By Rafik Nayed
From the UAE to Saudi Arabia, the last decade has seen member countries open their borders ever wider to foreign workers, investment and ideas, writes Rafik Nayed, Group CEO at Al Salam Bank-Bahrain
It was just a few short months ago that industry leaders from around the world convened in Bahrain for the Al Salam Bank Forum.
From Milken Institute Chairman Mike Milken to the Bahraini Oil Minister, various grandees in their fields discussed the future of oil, FinTech, FoodTech and more, under overarching themes of technology and globalisation.
At that time, Bahrain – indeed the world – had never felt so connected. Today, we are faced with a slew of headlines proclaiming that globalisation is dead. The forum seems a thousand years away.
And yet these same headlines seem to ring in every fresh global crisis. We saw them in the fallout of the 2008 financial crisis, when many feared countries would be unprepared for the massive international economic cooperation required. But the world pulled together.
We saw them again after the Fukushima nuclear disaster, when it became alarmingly apparent just how much of the global microchip supply chain passed through Japan. Multinationals shifted their sourcing to Taiwan. And now we are seeing them once again, as the COVID-19 pandemic sweeps the globe.
And yet, as if in defiance of these proclamations, the world has been, if anything, growing more open. Just look to the Middle East, a region of countries racing to diversify their hitherto hydrocarbon-reliant economies in line with the changing needs of the digital era. The GCC is a case in point. From the UAE to Saudi Arabia, the last decade has seen member countries open their borders ever wider to foreign workers, investment, ideas – even to foreign competition.
In particular, the Kingdom of Bahrain has long been emblematic of the region’s increasingly outward-facing spirit. The island Kingdom has served as a global trading hub for millenia, a crucial juncture along the Silk Road connecting markets from East and West, where the early Dilmun civilization once traded in spices.
The kingdom was therefore a fitting site for the launch of MEC Ventures, a first-of-its-kind fund established to unify Chinese and Middle Eastern capital and technology markets. The fund was launched by Bahrain’s own Al Salam Bank in partnership with Chinese VC firm, MSA Capital.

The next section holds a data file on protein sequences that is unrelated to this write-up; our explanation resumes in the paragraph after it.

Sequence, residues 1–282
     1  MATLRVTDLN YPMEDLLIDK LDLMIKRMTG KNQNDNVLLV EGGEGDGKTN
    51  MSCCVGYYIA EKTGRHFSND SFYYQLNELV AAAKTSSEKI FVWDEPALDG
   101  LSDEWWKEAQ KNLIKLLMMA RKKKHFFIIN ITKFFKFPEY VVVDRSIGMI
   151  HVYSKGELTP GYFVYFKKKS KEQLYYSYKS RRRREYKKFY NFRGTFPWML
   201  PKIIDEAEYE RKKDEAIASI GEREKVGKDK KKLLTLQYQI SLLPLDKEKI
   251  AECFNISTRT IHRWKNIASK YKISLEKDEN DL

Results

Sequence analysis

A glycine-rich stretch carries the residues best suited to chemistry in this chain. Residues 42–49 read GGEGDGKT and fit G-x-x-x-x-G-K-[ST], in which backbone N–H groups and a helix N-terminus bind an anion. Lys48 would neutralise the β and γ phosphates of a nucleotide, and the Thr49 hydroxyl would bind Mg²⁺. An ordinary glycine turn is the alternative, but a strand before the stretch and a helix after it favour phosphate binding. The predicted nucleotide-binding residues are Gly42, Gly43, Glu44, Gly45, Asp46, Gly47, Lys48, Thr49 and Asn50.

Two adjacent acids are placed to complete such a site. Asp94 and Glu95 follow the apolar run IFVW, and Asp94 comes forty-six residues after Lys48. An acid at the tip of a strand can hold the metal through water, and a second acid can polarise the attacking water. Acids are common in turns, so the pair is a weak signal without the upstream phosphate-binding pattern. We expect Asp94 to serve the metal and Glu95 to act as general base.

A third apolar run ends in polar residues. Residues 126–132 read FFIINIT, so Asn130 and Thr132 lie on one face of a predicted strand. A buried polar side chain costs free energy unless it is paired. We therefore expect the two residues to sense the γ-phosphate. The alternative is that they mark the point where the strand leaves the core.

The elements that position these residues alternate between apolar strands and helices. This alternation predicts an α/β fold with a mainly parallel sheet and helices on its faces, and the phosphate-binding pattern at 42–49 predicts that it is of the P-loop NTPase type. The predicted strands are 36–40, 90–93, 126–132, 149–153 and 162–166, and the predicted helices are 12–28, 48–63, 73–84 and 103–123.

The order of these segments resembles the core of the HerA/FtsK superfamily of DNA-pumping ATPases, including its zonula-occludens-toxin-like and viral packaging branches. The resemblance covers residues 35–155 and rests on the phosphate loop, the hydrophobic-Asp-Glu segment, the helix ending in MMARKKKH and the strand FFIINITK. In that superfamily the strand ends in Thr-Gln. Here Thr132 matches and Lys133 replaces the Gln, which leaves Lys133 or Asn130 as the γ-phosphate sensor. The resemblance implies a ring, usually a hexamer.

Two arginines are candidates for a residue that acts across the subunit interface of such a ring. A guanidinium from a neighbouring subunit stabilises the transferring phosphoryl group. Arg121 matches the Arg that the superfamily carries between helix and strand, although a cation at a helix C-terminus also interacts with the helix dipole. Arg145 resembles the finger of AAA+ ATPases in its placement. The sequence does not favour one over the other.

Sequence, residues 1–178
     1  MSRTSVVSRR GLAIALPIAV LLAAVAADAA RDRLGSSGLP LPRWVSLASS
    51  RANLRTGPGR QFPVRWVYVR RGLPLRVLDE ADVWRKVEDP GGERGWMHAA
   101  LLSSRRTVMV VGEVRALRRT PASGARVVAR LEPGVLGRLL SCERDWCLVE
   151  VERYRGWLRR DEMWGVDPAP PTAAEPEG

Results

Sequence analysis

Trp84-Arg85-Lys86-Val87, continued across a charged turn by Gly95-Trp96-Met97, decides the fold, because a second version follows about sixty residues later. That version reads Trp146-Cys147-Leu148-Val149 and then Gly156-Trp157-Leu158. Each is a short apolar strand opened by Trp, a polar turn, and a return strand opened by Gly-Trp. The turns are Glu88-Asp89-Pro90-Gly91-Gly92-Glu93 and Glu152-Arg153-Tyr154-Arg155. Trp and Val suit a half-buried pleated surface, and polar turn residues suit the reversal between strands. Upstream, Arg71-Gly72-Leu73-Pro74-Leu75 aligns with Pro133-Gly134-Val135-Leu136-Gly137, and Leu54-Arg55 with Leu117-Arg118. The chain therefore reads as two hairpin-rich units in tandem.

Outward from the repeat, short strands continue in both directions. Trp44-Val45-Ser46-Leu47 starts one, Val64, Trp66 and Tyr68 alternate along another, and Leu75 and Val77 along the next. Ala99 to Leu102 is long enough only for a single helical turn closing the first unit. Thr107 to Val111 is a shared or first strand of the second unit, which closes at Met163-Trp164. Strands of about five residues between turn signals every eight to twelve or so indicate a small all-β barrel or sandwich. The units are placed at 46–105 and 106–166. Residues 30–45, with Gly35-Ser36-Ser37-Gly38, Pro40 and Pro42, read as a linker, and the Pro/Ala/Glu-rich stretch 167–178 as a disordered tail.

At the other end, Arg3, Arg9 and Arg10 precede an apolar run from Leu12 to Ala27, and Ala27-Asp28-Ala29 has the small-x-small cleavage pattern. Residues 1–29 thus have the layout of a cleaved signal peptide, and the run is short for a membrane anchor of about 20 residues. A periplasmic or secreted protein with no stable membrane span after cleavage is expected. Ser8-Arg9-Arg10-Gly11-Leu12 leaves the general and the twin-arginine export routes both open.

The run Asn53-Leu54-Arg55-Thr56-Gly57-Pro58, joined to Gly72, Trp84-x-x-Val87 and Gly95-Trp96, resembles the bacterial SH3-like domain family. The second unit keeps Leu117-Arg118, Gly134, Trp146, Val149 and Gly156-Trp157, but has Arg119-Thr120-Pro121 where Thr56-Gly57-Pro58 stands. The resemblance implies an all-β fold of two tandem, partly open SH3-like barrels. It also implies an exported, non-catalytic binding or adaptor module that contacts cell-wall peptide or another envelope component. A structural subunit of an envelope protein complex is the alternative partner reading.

That the fund brings Chinese experience and expertise to the region matters. That experience includes the 2002 SARS outbreak – another Coronavirus epidemic. It includes seeing how that epidemic deeply reshaped Chinese markets, consumer behaviour and the roles of corporates, permanently changing how the country did business. SARS acted as a catalyst for the uptake of technologies that simply weren’t being relied on by consumers to the same extent previously.
And this is what we are seeing again today: a change – an evolution, even – in global markets, driven by a crisis but bourne out by technology. In February, MEC Ventures invested in Eureka – an Indonesia-based AI start-up that can track and organise vast quantities of mobile telecom data. A Bahraini/Chinese fund in the Middle East investing in market-moving and potentially life-saving ideas from South East Asia. This is globalisation in action, not its death.
It is easy to be flippant about the severity of the ongoing pandemic. Easier still to understand why the usual prophecies of the demise of globalisation carry more weight this time around. Unlike 2008, countries are having to turn inwards, and close themselves off from the outside world, which makes global cooperation more difficult. Unlike Fukushima, supply chains are decimated globally, not just in one corner of the world, with businesses likely to face disruption for months – if not years – to come.
However, globalisation is a human phenomenon; a reflection of mankind’s enduring strength: its ability to adapt and evolve to survive. In today’s hyperconnected world, globalisation means the free movement of ideas as much as it does goods, people and money. And in the digital era, ideas don’t need roads, airports or seaports to travel. Like mankind, what doesn’t kill globalisation simply makes it stronger. And along with mankind, it will continue to evolve.
Rafik Nayed is Group Chief Executive Officer at Al Salam Bank-Bahrain